When it has no mechanical weight.
Alignment can be a touchy issue for gamers. Some people insist that it’s a great way to inform roleplaying, a starting point for your character. Others think it’s an unrealistic straight jacket, that nobody’s always good all of the time or wholly and irredeemably evil. It could be either of these things but most of the time it seems like an afterthought, a vestigial rule that lacks meaning for modern gamers.
Why does it lack meaning? Are the concepts of good and evil no longer relevant in a society of moral grays? Is it unrealistic to think that a character can be a shining beacon of his or her beliefs, an example to others? I kind of doubt that this is the case; I think these ideas are just as relevant now as they always were, and may actually be appealing to many because of their simplicity, their black and white nature. The problem, I think, is with implementation.
Let’s look at the current incarnation of D&D as an example. Alignment exists but it has very little effect on the game. Yes, your cleric has to be of an alignment compatible with his or her god, but what does being Good or Lawful Good or whatever actually mean? It can inform roleplay in the right hands but there’s no incentive to let it do so. I think a lot of people probably forget that it’s even on their character sheet; I certainly had to remind the paladin in my group that he’d find torture repugnant on more than one occasion.
Past editions gave it some weight: your alignment could be detected, certain weapons would respond well (or not so well) to certain alignments, and violating your alignment came with some sort of penalty. But even this isn’t a great way to incentivize alignment. It’s like working at a job you don’t care about: the threat of being fired will keep you working just well enough to not get fired, but you’re unlikely to do anything beyond that.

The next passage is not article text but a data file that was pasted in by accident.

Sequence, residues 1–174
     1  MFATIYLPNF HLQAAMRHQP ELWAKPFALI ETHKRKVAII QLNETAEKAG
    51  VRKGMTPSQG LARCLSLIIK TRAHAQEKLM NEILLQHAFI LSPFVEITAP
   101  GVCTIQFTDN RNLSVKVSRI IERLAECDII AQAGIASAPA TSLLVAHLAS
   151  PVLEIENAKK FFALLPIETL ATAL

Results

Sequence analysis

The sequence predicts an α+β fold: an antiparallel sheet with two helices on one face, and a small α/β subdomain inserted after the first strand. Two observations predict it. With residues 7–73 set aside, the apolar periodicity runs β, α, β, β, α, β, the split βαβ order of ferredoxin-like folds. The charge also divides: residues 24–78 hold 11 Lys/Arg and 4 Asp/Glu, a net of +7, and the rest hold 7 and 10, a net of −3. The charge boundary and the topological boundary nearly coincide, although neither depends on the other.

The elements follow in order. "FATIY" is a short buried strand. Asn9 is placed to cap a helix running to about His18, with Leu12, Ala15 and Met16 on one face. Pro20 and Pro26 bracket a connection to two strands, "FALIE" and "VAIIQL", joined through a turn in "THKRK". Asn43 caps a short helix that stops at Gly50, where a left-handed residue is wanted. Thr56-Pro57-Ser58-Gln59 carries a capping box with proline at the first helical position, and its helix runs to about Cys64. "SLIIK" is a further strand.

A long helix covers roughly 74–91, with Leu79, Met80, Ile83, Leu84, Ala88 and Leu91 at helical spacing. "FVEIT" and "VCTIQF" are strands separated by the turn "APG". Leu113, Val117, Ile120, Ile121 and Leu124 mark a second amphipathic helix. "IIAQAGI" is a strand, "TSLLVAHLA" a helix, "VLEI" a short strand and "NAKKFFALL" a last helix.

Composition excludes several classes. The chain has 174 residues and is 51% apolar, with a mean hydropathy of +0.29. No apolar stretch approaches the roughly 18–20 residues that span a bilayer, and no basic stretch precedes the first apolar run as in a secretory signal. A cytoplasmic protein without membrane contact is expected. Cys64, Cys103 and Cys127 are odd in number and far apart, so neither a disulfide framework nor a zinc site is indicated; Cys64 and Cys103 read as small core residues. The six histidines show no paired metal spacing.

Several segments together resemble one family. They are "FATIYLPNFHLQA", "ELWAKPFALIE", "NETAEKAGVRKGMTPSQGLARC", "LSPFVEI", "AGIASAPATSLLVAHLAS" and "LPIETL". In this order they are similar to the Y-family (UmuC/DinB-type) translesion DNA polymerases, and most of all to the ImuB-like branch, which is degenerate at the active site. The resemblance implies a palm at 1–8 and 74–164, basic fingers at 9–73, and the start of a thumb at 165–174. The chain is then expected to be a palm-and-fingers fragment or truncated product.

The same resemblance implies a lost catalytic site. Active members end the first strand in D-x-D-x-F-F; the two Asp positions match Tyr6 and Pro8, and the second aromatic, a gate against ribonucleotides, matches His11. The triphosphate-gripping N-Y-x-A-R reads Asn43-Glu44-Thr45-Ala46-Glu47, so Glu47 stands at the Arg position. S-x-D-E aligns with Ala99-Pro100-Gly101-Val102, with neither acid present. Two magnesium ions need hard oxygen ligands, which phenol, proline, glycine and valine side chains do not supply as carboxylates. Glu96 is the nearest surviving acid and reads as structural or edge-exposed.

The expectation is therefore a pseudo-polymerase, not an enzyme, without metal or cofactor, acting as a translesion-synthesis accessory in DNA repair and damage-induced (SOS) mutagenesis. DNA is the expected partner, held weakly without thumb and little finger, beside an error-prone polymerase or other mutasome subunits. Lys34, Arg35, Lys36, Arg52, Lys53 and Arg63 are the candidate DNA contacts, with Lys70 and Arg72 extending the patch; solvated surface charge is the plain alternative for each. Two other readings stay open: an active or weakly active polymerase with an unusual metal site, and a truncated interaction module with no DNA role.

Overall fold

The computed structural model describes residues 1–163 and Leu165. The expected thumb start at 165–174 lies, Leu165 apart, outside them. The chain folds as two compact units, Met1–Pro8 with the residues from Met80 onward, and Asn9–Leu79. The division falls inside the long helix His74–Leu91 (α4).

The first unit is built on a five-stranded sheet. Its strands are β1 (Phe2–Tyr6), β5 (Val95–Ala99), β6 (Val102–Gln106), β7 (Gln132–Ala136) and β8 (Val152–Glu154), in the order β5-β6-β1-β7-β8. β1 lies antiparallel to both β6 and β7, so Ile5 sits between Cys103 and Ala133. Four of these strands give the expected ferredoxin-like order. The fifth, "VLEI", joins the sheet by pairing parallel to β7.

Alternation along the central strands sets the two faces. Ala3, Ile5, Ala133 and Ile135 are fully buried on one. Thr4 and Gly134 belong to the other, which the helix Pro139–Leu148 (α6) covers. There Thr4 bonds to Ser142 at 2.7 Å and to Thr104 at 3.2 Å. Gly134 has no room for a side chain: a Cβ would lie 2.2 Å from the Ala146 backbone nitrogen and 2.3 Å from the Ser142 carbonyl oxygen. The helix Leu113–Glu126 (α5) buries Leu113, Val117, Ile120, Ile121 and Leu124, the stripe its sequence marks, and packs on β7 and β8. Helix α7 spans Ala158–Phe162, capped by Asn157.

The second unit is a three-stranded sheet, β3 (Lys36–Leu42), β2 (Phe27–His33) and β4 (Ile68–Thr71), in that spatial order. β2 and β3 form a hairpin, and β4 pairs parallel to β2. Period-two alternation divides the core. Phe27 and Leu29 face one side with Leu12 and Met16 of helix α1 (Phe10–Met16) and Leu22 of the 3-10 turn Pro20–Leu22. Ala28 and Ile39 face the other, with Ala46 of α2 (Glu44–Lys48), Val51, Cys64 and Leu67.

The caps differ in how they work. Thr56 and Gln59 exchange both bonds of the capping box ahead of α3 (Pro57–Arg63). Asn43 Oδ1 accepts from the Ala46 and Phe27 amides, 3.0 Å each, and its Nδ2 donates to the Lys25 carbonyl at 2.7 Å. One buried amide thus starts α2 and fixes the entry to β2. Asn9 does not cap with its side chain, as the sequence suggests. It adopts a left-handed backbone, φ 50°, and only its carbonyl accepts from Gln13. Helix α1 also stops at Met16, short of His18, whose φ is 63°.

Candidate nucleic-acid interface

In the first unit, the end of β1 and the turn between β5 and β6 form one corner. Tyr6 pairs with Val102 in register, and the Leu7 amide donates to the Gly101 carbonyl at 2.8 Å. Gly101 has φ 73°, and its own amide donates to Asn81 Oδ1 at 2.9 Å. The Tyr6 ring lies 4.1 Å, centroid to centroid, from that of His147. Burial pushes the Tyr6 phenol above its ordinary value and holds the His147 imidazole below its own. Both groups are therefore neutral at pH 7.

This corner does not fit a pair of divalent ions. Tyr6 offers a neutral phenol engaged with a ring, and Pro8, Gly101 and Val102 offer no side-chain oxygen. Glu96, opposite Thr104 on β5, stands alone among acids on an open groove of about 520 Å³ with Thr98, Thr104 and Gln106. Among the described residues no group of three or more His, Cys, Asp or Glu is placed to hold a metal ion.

The solution (my solution at least) is incentive. Reward. I talk about incentives an awful lot for a reason: mechanical incentives are how you encourage the behavior you want in your games. If you want the Lawful Good paladin to uphold the law and oppose evil, you need to provide an incentive to do so that’s more attractive than the alternative. This could be as simple as providing bonuses to skill checks, attack rolls, damage, and so forth whenever the spirit of the alignment is being actively pursued. It could involve bonus XP. It could involve earning some sort of points or tokens that can be cashed in for benefits later. The exact incentive doesn’t really matter.
The important thing is that, if alignment is an important part of your game and the characters within your game, there needs to be a reason to pay attention to it. Punishment will help but will only get you so far; players will work a lot harder for rewards, things that make them better.
Alignment without mechanical weight, without incentive, fails to fulfil its purpose in the game. It might as well not even be there.